Elevated blood sugar and pregnancy increases health risks

Pregnant women with elevated blood sugar have a greater risk of giving birth to babies with health risks similar to those born to women with gestational diabetes.

These risks include a greater likelihood of the baby being delivered by Caesarean section, the baby being large at birth and the baby's shoulder becoming stuck in the mother, which halts delivery.

This applies to pregnant women who have higher than normal blood sugar levels, but who are not considered to have diabetes, versus women with normal blood sugar levels.

The researchers could not identify a specific blood-sugar level above which the health problems were likely to occur. However, they did notice that the risks increased in relation to a rise in the women's blood sugar levels. These risks include:

·    the greater chance of a Caesarean-section delivery,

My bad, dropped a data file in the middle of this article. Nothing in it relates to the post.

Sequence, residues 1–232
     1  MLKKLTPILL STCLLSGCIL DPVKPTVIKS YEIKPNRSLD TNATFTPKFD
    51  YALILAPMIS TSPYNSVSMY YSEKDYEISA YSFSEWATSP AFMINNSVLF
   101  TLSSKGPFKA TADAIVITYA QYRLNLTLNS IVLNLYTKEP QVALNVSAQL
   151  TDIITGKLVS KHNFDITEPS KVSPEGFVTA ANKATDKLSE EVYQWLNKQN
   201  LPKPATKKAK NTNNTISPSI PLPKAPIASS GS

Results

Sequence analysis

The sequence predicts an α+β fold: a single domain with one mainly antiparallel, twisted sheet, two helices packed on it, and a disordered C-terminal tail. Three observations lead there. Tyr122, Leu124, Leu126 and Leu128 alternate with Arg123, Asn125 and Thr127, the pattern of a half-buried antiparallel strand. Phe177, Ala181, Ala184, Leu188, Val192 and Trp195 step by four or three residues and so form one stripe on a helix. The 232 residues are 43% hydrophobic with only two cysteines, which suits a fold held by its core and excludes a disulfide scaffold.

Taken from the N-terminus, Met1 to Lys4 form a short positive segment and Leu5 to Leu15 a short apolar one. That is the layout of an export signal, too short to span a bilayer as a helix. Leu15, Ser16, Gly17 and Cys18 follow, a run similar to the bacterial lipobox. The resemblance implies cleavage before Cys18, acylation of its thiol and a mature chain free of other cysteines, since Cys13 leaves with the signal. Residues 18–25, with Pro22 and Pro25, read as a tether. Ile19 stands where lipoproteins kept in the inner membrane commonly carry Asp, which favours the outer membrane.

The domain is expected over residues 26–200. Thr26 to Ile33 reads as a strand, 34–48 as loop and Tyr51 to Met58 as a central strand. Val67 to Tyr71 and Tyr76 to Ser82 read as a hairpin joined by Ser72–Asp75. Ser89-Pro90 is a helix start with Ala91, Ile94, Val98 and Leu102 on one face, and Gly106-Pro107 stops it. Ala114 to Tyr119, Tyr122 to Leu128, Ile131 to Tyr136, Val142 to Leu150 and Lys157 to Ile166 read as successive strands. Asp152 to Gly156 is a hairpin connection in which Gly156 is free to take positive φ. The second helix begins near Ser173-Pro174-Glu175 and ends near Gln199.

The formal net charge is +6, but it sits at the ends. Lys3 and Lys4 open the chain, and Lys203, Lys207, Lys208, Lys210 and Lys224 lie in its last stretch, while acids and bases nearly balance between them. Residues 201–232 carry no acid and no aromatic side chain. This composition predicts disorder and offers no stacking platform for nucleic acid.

·    the more likely the babies were to have high insulin levels and low blood sugar at birth,
·    the more likely the mother was to develop preeclampsia (a potentially lethal complication related to very high blood pressure),
·    the more likely the baby was to be born prematurely,
·    the more likely the baby was to experience shoulder dystocia.
When the researchers considered other factors that might lead to these complications, such as higher maternal age, obesity and high blood pressure,  

Dr. Duane Alexander, director of the National Institutes of Health's Eunice Kennedy Shriver National Institute of Child Health and Human Development said that these important new findings highlight the risks of elevated blood sugar levels during pregnancy.

"NIH-supported studies now in progress will provide guidance on how to manage them. Until the results of those studies are available, all pregnant women should consult a health-care professional about being screened for diabetes during pregnancy."

It is well known that gestational diabetes increases health risks for both mothers and babies. Their children may also face greater health problems in adulthood, such as obesity, diabetes, high blood pressure and heart disease.

The study included 23,000 women. The findings are published in the New England Journal of Medicine.